• From personal experience: it's really not hard at all to retrain yourself to the alternative system. You'll be comfortable and confident within a handful of rides. Feb 5 at 17:15
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    Comfortable in normal situations, @JackAidley, however, in an emergency, instinct kicks in and the body tends to do what it knows best, whether it's appropriate for this particular situation or not. As an analogy, BTCC cars can be either left- or right-hand drive and either front- or rear-wheel drive. Drivers who switch from a team set up one way to a team set up the other way often take half a season to learn how to drive the other setup. Different drive end requires different techniques for drive, braking, cornering, etc. These are pros and it still take them months to adapt...
    – FreeMan
    Feb 5 at 18:29
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People who also ride motorcycles generally prefer the front brake to be on the right (where it belongs in a motorcycle) and the rear brake to be on the left where the motorcycle has its clutch handle.

The important thing about the clutch is that you pull it quickly and then release it much slower.

The same reflex used with the front brake leads to hitting the road with your nose.

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I have experienced:

  • riding a European setup in Europe (2 years)
  • riding a European setup in Australia (2 years)
  • riding an Australian setup in Australia (decades)

But notably, not the situation you're describing :)

There's not much in it, for me. I think I have a mild preference for the European setup. Unlike everyone else who is worried about going over the bars while braking with their right hand, I'm more worried about not being able to brake hard enough with the left.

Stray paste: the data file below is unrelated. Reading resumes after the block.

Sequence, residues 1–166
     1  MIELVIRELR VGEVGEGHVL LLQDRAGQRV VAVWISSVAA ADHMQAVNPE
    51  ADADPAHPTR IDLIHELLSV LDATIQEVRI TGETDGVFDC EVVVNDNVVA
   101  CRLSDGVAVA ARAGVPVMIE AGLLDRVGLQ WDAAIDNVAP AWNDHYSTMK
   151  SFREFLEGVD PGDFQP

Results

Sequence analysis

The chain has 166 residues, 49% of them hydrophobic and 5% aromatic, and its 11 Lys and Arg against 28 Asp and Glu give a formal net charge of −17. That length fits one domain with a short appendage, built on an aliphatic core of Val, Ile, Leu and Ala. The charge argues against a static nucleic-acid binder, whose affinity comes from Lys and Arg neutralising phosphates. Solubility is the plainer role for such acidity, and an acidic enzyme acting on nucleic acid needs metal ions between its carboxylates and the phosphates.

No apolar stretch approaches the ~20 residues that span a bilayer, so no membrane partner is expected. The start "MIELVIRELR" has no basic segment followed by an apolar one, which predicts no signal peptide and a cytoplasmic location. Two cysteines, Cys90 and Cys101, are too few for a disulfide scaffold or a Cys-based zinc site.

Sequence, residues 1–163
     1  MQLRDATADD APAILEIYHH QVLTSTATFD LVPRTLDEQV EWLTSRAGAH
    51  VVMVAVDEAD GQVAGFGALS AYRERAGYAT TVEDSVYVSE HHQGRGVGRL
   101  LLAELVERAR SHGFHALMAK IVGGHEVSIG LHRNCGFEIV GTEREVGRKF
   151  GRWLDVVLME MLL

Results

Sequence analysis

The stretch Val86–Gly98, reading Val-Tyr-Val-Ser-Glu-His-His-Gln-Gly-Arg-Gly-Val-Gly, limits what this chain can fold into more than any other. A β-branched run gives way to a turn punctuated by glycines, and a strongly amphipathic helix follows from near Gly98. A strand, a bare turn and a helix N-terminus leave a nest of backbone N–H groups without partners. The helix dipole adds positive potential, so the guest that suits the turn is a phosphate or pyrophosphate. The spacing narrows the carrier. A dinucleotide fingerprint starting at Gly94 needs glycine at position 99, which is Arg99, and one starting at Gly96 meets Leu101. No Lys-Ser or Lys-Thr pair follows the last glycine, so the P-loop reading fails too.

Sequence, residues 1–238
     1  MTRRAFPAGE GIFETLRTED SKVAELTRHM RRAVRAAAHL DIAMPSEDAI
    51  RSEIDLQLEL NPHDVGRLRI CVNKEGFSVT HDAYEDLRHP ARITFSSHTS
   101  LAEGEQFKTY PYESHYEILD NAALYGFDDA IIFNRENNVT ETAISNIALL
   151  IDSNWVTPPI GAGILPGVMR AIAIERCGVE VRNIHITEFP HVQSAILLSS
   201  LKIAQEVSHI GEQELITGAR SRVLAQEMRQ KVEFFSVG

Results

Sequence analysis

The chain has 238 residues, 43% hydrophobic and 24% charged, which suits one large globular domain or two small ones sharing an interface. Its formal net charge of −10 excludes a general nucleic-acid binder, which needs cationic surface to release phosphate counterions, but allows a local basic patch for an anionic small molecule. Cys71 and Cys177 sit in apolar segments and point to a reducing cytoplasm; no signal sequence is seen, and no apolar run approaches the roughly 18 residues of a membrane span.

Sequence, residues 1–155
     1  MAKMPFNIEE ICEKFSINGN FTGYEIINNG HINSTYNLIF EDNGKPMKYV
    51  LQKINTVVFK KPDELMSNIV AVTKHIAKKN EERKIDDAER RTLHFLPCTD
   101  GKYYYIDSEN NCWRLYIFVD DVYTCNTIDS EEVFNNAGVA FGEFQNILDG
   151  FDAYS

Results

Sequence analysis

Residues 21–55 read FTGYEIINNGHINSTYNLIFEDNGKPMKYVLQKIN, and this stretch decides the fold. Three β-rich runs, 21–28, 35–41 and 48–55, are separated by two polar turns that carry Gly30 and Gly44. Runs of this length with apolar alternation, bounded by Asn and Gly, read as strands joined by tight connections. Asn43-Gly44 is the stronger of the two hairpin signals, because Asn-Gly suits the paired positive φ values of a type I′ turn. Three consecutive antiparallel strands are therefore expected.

The main downside in the "wrong setup for the country" situation is that some bike mechanics get very uncomfortable with it. I had one who almost refused to return the bike until he'd "fixed" it.

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It is not very unusual to raise a hand out handlebars to do something (drinking from the bottle, adjusting glasses or lights, pointing something out for a friend, scratching nose after the bug hit and more questionable activities that still happen, like holding a mobile phone), and for the most of the people this would be right hand, if done without thinking. On a bicycle like mine, left would stay on the front brake lever.

Now, if there is a sudden need of braking, hard-hitting the front brake alone may send you to the road over handlebars.

When the front brake is on the left, it may be better to use the hand on that side for random actions that for many people would be contra-intuitive and less convenient. Hence there is a benefit of having the rear brake on the left where the hand is more likely to stay on the handlebars.

I also agree that front brake has more power and needs finer control so using the right hand for it would be convenient for many. Likely this layout is more optimized for technical and focused riding.

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    I must be odd in preferring to keep my better hand on the bars, and use my left for drinking etc. (to the extent that I use left side entry bottle cages under my frame bags). I'm right handed but only mildly, e.g. I use a mouse left-handed
    – Chris H
    Feb 5 at 8:36
  • Experienced cyclist may probably remember in time he is braking with front brake only and stop safely. But I have really seen a cyclist talking on a mobile (holding right hand) and then falling down over the front when he needed to brake and then hit the front wheel brake alone with the left.
    – nightrider
    Feb 5 at 9:09
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    I have the same experience as @ChrisH even though I'm otherwise right-handed - I feel like frequently signalling with the left hand has trained me into keeping the right on the handlebars. Feb 5 at 9:36
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    I'm with ChrisH and keyboardcat on this one and disagree with the premise that you use your right hand for non riding stuff without thinking. It probably depends on what you have trained yourself to do. But perhaps it is a point for new riders.
    – WornChain
    Feb 5 at 11:29
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    Excellent idea, but I always wait for a "safer" area before taking a drink. Never sip while riding through an intersection, for example.
    – Criggie
    Feb 5 at 21:45